Tuesday, April 25, 2017

In-Season Fruits & Vegetables

One of the best parts of summer is that many of the fruits and vegetables that we have missed are back in season. They are a tasty way to spice up your daily diet. It is important to know what produce you should be taking advantage of during the months of June, July, and August. Not only is this the time they will be tasting the best, but it is a great way to incorporate nutrient-dense foods into your diet.
Pinterest is a particularly helpful resource when it comes to finding healthy recipes. You can create a Pinterest account for free and add recipes to a “board.” That way, you can always refer back to it whenever you are ready to try a new recipe. If you need additional inspiration, the Health Education Resource Center (HERC) has a recipe page at the following link: http://www.eiu.edu/herc/nutrition.php. Summer is the perfect time to be testing out new recipes. You can even take a healthy recipe to a picnic or 4th of July gathering.
One question many people ask is how to properly clean produce. It is common knowledge that there are may be some harmful substances present in the soil and water during the growing process. Poor hygiene may also be a factor during the harvesting, packing, and transportation of the produce.

How to wash fruits/veggies:
  • Once home, store perishable fruits and vegetables in the refrigerator (at 40 degrees F or below) until you're ready to use them. Always store precut fruits and vegetables in the refrigerator, too.

  • Wash your hands for 20 seconds with soap and warm water before and after handling fresh produce.

  • Use a sharp paring knife to cut away any damaged or bruised areas of the fruit or vegetable.
  • Wash the produce before you peel it. That way, contaminants will not be transferred from your knife to the fruit or vegetable.
  • Hold the fruit or vegetable under cool running tap water, gently rubbing it as you rinse it.
  • For firm produce, such as melons and winter squash, use a clean vegetable brush to scrub the surface as you rinse it.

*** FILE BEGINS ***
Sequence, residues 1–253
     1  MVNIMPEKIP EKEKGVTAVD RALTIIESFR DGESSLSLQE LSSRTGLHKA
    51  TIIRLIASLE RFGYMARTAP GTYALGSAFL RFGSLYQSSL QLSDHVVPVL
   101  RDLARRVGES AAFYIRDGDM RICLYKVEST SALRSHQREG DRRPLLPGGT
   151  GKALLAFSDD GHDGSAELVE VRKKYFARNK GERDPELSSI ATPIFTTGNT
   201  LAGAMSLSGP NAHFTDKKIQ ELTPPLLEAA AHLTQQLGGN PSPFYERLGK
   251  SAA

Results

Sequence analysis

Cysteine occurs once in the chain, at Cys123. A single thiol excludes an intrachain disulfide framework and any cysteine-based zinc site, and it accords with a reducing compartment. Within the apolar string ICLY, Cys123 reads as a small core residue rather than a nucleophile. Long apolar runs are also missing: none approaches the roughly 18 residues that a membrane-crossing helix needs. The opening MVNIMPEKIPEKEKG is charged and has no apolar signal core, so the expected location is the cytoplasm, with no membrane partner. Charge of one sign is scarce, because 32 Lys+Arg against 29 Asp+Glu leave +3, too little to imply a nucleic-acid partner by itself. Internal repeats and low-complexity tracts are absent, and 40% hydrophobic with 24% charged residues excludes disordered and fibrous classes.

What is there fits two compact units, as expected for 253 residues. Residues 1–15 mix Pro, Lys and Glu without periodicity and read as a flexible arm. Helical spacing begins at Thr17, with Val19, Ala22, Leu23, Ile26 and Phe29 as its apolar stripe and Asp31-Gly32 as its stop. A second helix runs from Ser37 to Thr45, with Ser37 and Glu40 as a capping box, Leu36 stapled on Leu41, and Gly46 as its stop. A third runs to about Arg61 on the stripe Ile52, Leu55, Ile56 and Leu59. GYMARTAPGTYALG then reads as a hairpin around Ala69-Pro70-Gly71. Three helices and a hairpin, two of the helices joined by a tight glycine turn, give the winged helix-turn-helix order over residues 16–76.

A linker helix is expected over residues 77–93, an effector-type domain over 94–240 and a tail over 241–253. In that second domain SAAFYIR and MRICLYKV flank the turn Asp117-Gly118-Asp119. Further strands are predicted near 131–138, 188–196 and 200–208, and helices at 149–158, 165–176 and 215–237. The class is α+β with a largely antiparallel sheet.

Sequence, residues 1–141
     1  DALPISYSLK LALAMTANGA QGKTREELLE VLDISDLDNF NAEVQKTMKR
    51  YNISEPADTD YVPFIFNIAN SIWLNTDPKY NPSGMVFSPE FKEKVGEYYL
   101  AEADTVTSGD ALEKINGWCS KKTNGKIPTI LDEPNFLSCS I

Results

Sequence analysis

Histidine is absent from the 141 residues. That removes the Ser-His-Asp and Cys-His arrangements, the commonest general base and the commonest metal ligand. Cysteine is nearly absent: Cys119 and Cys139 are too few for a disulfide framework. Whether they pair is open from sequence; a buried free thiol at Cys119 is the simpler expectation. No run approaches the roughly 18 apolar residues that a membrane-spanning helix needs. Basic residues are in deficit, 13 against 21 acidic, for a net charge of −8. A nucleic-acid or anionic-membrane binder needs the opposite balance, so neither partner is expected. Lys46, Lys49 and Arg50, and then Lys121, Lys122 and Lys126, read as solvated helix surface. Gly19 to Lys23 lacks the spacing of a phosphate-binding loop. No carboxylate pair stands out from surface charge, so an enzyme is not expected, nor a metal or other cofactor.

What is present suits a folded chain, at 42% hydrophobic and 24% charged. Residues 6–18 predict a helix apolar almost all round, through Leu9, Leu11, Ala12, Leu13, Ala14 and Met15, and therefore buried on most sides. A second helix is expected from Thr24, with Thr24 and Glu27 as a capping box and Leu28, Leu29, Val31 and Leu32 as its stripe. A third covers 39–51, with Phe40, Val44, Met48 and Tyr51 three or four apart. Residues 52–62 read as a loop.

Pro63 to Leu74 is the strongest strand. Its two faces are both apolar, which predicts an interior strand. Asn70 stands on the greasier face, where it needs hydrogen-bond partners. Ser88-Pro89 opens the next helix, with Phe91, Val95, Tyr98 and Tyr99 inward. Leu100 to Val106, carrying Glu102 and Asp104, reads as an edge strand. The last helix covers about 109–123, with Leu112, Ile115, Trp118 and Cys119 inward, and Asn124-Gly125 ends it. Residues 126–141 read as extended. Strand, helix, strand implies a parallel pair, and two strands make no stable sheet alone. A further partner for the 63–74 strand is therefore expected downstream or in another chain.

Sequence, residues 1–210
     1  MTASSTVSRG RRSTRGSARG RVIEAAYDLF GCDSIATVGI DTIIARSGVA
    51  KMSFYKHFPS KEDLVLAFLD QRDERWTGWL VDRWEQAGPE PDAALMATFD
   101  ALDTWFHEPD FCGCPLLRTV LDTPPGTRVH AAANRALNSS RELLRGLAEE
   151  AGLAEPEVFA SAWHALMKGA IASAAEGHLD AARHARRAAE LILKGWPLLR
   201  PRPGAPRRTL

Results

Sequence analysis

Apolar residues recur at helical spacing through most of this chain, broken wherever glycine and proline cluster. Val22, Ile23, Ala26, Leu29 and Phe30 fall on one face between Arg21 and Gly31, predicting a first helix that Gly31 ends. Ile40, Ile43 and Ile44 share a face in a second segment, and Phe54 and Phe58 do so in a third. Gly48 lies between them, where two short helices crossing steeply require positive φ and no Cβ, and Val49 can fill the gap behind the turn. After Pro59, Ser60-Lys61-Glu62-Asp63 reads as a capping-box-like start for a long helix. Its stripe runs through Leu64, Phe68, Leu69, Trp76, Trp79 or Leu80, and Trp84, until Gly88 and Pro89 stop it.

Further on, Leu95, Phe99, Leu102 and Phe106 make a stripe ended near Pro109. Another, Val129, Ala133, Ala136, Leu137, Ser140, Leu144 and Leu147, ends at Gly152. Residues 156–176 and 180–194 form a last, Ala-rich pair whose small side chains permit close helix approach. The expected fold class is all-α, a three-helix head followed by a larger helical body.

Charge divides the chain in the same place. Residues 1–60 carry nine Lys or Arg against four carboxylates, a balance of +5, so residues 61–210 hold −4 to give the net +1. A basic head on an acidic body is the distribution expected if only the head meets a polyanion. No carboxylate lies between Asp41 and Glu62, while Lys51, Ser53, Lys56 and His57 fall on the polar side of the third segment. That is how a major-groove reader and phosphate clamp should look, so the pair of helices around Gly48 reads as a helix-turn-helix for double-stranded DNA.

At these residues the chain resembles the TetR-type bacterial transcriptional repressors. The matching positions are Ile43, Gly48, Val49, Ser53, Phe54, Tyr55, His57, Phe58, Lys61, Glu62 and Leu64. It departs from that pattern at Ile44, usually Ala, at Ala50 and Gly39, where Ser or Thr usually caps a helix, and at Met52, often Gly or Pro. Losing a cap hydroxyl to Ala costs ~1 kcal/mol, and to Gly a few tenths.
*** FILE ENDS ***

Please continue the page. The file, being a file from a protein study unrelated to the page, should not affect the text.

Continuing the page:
• Produce with bumpy, uneven surfaces, such as cauliflower and broccoli, should be soaked for 1 to 2 minutes in cold water to remove contaminants from the nooks and crannies.
  • Use a clean cloth or paper towel to dry the produce before using it.
How to wash salad greens:
  • For leafy lettuces, such as green or red-tip leaf, butterhead, and romaine as well as endive, remove and discard the root end. Separate leaves and hold them under cold running water to remove any dirt.
  • For smaller greens, such as spinach and arugula, swirl them in a bowl or a clean sink filled with cold water about 30 seconds. Remove the leaves and shake gently to let dirt and other debris fall into the water. Repeat the process if necessary. Drain in a colander.
  • For iceberg lettuce, remove the core by hitting the stem end on the countertop; twist and lift out the core. (Do not use a knife to cut out the core, as this can cause the lettuce to brown). Hold the head, core side up under cold running water, pulling leaves apart slightly. Invert the head and drain thoroughly. Repeat if necessary.
  • For mesclun (a mixture of young, small salad greens often available in bulk at farmers markets), rinse in a colander or the basket of a salad spinner.
Health Education Resource Center
The Health Education Resource Center (HERC) is a great resource to use if you are interested in more information on healthy eating. The HERC even offers one-on-one nutrition consultations. The office is located in the Booth House on 4th Street. During the summer, the office is open from 8 a.m. to 4:30 p.m. Monday through Thursday and Friday's from 8 a.m. to noon.  For more information call (217) 581-7786 or e-mail herc@eiu.edu.

For more information on food safety, please visit: https://www.foodsafety.gov/keep/types/fruits/tipsfreshprodsafety.html.

If you are interested in exploring seasonality of other fruits and vegetables, go to: https://cookingmatters.org/tips/savor-seasonal-fruits-vegetables.

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